William Cheung, Exhibition Partnerships Manager: Asia
Email William or call +44 (0)20 7942 5793
Pauline Robert, Exhibition Partnerships Manager: North America, Australia, New Zealand and Africa
Email Pauline, call +44 (0)20 7942 6245
Gabrielle Hick, all other regions
Email Gabrielle or call +44 (0)20 7942 5172
Featuring the most frighteningly lifelike moving dinosaurs, this family blockbuster explores the sometimes gruesome, and often disgusting, subject of dinosaurs and their food.
From the infamous flesh-eating T. rex to the plant-munching Edmontosaurus, different dinosaurs ate different foods and often had unique ways of catching their dinner.
Life-size animatronic dinosaur heads, including that of the terrifying T. rex, show how their teeth and jaws moved together to tear, grind and chew food.
The dinosaur heads are partially open to reveal the bones at work inside, enabling visitors to get a close-up look. The exhibition also incorporates intriguing fossil evidence, fun hands-on exhibits, and fascinating scientific insights that reveal everything researchers know about what and how dinosaurs ate.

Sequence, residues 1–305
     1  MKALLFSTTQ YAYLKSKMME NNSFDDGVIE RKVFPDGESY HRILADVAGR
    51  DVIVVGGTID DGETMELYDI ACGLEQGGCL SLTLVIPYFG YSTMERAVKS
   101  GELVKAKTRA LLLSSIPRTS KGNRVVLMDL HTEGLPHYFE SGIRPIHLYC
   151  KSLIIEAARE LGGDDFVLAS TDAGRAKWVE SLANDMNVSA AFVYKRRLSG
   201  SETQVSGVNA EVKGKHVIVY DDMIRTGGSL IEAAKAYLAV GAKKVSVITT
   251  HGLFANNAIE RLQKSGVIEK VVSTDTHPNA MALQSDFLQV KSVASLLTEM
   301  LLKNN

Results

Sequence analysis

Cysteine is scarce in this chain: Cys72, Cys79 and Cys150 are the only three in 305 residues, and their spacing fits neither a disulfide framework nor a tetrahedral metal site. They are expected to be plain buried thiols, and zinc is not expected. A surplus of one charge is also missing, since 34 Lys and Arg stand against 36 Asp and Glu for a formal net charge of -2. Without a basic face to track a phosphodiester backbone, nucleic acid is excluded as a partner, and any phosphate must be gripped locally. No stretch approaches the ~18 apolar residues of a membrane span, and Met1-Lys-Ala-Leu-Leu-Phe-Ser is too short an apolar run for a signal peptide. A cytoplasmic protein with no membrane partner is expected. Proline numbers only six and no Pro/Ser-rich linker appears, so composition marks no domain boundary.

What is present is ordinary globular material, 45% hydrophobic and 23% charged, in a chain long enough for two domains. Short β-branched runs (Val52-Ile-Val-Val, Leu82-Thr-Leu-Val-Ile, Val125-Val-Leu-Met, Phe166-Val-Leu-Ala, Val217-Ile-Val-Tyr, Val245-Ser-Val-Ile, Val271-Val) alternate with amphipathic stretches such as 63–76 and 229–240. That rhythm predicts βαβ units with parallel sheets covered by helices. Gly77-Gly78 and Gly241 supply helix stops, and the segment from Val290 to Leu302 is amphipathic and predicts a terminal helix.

Visitors can dig for virtual fossil evidence to discover what Baryonyx munched on, plunge their hands into a huge poo to find traces of Euoplocephalus's last meal, and discover the chilling theory about the deadly Coelophysis's dinner.
And, because no exhibition visit is complete without a browse of the gift shop, we also offer a wide range of fantastic dinosaur merchandise at wholesale prices.
More information on Dino Jaws
To host this exhibition you will need:
- minimum 650m2 display area
- environmentally controlled conditions
- 4.5m minimum gallery ceiling height
- suitable doorway access
- air compressor and pipework to power the animatronic models
- translation and production of text, text panels and graphics
- skilled support staff to assist with installation and dismantling
- forklift, crane, hoist and other equipment required for access
- two scaffold towers for installation and dismantling
- to cover transport costs